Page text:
I have been a fan of ER on and off since the first season in 1994. The episodes have been dramatic, emotional, and relevant. The television show reflects the patients who come through the emergency room doors, the doctors make who make critical, life-determining decisions in the emergency room, and the personal lives surrounding both the hospital staff and the patients.
The 15th season is no exception. Even if you’ve never watched an episode before, you can watch any of the 22 episodes from this season, and you will be mesmerized. I really liked watching the episodes commercial-free, and I suspect you will too. One of my favorite moments was when white-haired Charlotte Rae, of Facts of Life fame, frantically tries to get the attention of Dr. Sanchez to let him know that she gave him pot brownies by accident! Too funny! But a dramatic scene was watching Dr. Catherine Banfield, played by Angela Bassett, relive the death of her five-year old son while treating another child in the emergency room.
As usual, I stayed on the edge of my seat for most of the episodes. The topics were current with what was going on in the news at the time, although the creators and writers treated the issues a bit differently than the way they played out in the news. The acting was wonderful and you’ll easily see why this show stayed on television for 15 years.
My favorite episode was the last one. It is two hours and included many old cast members, including Dr. Mark Greene’s daughter, Rachel, actor Noah Wyle as Dr. John Carter who appeared the more ER episodes than any other actor, Eric La Salle as Dr. Peter Benton, and Laura Innes as Dr. Kerry Weaver, the physically disabled and verbally caustic doctor.
Although this episode did not wrap up any remaining loose ends in the lives of the characters, it did answer a few “Where are they now?” questions about characters from previous seasons. Some of the storylines in the last show included an elderly couple of which one was dying, who had known each other for 72 years, and a couple who hosted a drinking party for their tweenage daughter and her friends, to avoid them drinking “in the streets,” and who is now responsible for one of the girls who fell into a coma after overdosing on alcohol. For the older couple, it is a quick glimpse into the end of a partner’s life for a person who has spent the better part of 83 years together, and the emotions that come with it. For the girl in a coma, it shows just how poor decisions with good intentions can affect other people’s lives. For the emergency room doctors, while they do all the doctoring they can, they can’t save everyone – but they can control the amount of compassion they have for the lives they touch in their emergency room.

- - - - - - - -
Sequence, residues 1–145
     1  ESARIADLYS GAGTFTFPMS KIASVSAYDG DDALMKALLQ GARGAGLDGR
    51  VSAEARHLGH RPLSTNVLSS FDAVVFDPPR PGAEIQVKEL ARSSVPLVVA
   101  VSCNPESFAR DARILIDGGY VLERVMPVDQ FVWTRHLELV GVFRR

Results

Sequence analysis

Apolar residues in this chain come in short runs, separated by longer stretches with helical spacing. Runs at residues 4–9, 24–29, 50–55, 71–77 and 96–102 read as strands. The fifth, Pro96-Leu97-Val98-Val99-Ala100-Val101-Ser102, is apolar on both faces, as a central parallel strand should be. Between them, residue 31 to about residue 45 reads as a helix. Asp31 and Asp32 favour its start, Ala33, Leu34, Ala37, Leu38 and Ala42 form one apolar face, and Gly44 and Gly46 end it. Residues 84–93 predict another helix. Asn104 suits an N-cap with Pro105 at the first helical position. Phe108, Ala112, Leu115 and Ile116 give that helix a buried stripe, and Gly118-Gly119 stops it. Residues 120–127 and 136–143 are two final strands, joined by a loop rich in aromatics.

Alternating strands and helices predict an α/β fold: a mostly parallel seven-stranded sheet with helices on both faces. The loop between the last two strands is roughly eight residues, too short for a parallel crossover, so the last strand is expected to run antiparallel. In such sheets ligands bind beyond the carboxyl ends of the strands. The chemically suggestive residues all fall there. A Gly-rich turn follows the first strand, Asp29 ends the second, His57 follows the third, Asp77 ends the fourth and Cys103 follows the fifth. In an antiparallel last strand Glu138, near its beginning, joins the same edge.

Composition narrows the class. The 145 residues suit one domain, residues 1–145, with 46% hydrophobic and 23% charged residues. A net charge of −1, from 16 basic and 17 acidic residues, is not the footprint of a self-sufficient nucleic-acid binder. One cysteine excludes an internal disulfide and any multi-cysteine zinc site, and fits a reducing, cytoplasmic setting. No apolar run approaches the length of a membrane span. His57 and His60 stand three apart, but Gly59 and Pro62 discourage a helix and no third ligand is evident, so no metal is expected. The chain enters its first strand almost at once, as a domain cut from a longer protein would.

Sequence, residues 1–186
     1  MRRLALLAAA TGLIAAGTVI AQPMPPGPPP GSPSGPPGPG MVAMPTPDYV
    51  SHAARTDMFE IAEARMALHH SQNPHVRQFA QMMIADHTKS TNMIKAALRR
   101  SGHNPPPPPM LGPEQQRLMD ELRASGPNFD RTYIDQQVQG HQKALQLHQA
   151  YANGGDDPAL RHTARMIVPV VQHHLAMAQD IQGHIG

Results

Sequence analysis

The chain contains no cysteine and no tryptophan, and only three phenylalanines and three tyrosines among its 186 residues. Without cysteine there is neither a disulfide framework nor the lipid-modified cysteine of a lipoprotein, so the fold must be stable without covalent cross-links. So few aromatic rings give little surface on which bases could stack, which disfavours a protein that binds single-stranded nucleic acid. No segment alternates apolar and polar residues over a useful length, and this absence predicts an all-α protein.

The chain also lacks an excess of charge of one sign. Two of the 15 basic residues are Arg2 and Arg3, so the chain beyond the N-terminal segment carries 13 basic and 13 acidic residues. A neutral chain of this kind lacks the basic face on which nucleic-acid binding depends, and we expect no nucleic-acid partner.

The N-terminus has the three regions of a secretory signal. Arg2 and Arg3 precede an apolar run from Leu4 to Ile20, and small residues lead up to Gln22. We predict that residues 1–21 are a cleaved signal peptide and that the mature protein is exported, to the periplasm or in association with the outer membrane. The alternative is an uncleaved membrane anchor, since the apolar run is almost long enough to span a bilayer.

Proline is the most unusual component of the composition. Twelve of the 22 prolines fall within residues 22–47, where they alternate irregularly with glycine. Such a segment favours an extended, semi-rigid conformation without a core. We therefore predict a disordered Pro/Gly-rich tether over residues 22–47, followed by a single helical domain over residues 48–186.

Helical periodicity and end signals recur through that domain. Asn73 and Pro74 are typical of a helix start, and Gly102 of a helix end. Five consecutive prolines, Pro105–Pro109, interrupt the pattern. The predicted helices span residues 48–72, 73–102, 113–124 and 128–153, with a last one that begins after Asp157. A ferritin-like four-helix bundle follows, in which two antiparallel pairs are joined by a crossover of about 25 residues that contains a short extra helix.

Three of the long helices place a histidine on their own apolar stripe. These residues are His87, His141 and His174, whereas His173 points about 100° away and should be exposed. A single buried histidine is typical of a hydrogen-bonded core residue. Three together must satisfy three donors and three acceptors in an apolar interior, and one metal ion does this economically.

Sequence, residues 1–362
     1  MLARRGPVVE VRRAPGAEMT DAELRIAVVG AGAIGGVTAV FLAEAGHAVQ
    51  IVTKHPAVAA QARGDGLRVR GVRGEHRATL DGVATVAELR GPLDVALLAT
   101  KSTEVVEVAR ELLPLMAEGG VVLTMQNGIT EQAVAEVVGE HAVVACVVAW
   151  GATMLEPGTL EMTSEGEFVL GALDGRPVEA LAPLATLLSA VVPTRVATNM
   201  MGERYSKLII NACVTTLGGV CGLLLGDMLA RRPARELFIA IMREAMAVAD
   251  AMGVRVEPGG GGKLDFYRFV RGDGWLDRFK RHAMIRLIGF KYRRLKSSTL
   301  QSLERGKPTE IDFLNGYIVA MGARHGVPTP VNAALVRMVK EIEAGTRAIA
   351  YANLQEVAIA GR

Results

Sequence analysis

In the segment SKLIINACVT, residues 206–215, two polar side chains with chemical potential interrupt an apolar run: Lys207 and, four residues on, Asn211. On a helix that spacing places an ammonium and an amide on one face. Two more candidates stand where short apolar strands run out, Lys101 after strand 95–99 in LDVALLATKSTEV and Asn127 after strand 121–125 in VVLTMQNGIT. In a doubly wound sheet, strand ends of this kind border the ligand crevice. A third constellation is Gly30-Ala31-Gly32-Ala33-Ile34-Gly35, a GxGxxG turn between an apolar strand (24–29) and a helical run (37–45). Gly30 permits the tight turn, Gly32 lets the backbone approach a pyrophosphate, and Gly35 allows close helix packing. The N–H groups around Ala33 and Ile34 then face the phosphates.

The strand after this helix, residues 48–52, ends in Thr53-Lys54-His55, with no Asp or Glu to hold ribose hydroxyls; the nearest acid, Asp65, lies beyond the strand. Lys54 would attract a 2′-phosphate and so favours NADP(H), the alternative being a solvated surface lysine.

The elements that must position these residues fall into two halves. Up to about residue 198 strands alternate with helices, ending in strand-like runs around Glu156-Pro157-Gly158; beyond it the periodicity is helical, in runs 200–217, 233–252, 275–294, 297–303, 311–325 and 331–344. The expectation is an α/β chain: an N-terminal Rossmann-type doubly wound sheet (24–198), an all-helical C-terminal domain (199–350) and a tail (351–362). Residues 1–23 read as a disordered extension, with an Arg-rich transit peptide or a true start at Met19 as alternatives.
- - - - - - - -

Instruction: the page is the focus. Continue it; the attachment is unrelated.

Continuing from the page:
There was one character in particular I had a hard time watching this season. Although I’ve been a fan for years of actress Angela Bassett who plays Dr. Catherine Banfield, I was uncomfortable with her character from the moment she showed up in the second episode of the 15th season. She’s not only abrasive, but she’s just downright mean. However, I just didn’t feel as if Angela Bassett ever got comfortable in her role – it was if she was trying to be tough, but had a hard time getting into the role. Overall, I just didn’t like her acting on this television show. It was forced, not natural, and downright uncomfortable to watch.
The 5-disc DVD set includes special features like “Outpatient Outtakes: Unaired Scenes” and “Previously on ER,” a retrospective featurette. The Featurette is an hour long show which actually preceded the season finale on television in 2009.
I’m sad to see the end of the characters at County General. I’ll watch these episodes over and over again. While the patient stories were interesting, what really captured my attention is the people who work together in the emergency room: the people who come and go, and the people who remain.